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This mesmerizing and inspiring performance proves the possibilities between able and disabled bodies to narrow the gap and form an integrated community. Unmute leaves the audience visually in awe and emotionally vulnerable.

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It is a fun, light-hearted production, which celebrates the shallowness in each one of us while recognizing the basic faults which make us human.

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There were some obscure questions, some questions to which we knew the answers but for the life of us couldn’t remember, and some really easy ones that had us all gabbling in whispers. But at the end of the night you realise it’s not really about whether you get all the questions right, it’s about the fun you have trying to answer them.

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Up The Creek isn’t just about its river (okay 99.01%). It also throws together diverse artists for some killer collaborations. Al Bairre and a few of the guys from Nomadic Orchestra performed a bouncy mashup of ‘Walking on Sunshine’ and Beyonce’s ‘Halo’. Bandolero can only be described as a dynamic musical extravaganza

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The range and depth of her visionary spectrum is quite astonishing. In nightmarishly illustrative essays on the industrial components of the mining industry, she summons up the deadly beauty of smelters, capacitors and convertors using hand-made pastels derived from metal wastes.

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As the sun went down, so did the dreamy optimism. Modest Mouse – the most anticipated act of the night – changed the mood with their feisty, this-is-how-it-is confidence.

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All you had to do was to follow the clusters of people all walking in the same direction – not towards the main entrance, but off to the side down what initially reminded me of the kind of dark, deserted alleys where people become victims.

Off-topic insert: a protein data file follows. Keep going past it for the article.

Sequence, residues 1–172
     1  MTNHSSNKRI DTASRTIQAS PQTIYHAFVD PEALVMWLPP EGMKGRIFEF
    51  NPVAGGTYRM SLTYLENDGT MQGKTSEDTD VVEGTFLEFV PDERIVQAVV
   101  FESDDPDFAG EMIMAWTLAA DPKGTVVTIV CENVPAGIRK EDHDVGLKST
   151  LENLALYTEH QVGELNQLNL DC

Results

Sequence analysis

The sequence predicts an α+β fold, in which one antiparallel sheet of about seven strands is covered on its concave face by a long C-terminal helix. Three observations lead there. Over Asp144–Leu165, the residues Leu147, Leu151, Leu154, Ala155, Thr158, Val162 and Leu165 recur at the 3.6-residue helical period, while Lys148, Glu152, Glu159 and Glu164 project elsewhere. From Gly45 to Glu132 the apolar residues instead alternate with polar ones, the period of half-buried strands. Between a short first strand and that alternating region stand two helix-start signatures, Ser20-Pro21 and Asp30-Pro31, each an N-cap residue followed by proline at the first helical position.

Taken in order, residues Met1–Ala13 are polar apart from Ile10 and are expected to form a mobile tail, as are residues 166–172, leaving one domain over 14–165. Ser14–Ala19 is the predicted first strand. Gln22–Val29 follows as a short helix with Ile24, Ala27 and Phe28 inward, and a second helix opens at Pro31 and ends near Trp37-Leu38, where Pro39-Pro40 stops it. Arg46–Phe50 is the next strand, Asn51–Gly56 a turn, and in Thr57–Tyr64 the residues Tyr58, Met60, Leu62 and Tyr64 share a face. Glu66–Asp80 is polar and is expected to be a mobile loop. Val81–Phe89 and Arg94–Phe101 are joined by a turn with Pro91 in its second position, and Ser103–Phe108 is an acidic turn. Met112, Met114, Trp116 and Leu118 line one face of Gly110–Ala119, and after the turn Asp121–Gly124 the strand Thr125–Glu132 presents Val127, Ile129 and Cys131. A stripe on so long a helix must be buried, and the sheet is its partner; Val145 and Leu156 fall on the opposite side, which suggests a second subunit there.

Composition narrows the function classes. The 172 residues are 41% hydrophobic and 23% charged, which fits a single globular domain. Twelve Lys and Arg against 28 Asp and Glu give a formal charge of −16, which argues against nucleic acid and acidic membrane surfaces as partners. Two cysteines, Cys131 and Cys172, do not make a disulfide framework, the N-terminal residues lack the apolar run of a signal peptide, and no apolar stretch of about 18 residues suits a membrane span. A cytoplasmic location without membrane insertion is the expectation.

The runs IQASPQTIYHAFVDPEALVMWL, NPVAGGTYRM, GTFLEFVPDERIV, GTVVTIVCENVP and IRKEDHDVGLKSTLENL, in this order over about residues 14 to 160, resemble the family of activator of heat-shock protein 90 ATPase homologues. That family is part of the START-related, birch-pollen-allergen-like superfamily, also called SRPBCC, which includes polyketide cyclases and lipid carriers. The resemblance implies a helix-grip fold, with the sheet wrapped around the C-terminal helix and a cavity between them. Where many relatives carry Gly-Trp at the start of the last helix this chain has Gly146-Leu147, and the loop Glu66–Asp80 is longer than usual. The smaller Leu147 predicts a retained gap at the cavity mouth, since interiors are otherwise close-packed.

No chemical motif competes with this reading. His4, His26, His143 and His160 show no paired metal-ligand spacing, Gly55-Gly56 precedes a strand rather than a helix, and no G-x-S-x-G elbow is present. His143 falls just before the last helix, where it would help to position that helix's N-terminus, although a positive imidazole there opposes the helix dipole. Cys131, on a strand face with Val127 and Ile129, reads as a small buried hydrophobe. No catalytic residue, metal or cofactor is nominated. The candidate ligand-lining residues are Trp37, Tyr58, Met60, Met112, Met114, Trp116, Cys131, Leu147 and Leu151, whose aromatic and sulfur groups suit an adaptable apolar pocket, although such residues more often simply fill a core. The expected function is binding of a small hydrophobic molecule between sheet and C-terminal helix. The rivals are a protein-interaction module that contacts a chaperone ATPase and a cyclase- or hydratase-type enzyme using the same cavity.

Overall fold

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This year marked a decade of Rocking the Daisies, and with 22 000 fans present, its maturing might was certainly felt. Featuring nine stages and a line-up of international headliners, Cape Town’s best-known festival drew in the crowds.

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“Families, couples, friends and singles all milled about, lost in an electric score of warm laughter, cheerful chatter and crisp beats whirling out from the DJ setup on the main stage.”

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This year’s Suidoosterfees (South Easter Festival) remembers the District 6 evictions that started 50 years ago. Africa Arts chose Puccini’s La Bohème to illustrate the artistic and warmhearted spirit that existed in this vibrant area where creative people of various races and creeds could mingle and share ideas and laughs.

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A day out in the beautiful Franschhoek valley with gourmet food, a DJ, a cool spot in the garden and a glass of bubbly to top it all off equals the best Valentine’s date ever. If Valentine’s Day were bottled, it would probably be rosé. A rosé MCC, to be exact.

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Literally translated as ‘my nakedness’, Ubuze Bam is a theatrical interpretation of the life events of four ex-inmates, all of whom have spent 10 years or more behind bars. Theatre Arts Admin Collective has joined arms with the programme Young in Prison to create this searingly honest piece in which the performers – Lazola, Eric, Ntsika and Bongani – have spent just over a month rehearsing under the direction of Thando Doni. Prior to this performance, the young men had never acted, let alone witnessed a theatre production.

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“I couldn’t help but wonder if Steyn is a painter herself. The nuance of her gestures seem remarkably practiced, as if these movements have long been committed to muscle memory.”

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“The Game: Redemption leaves the audience with something resembling a choose-your-own-adventure. The driving force is the personality of the characters, and this rides on a basic story line… but no script.”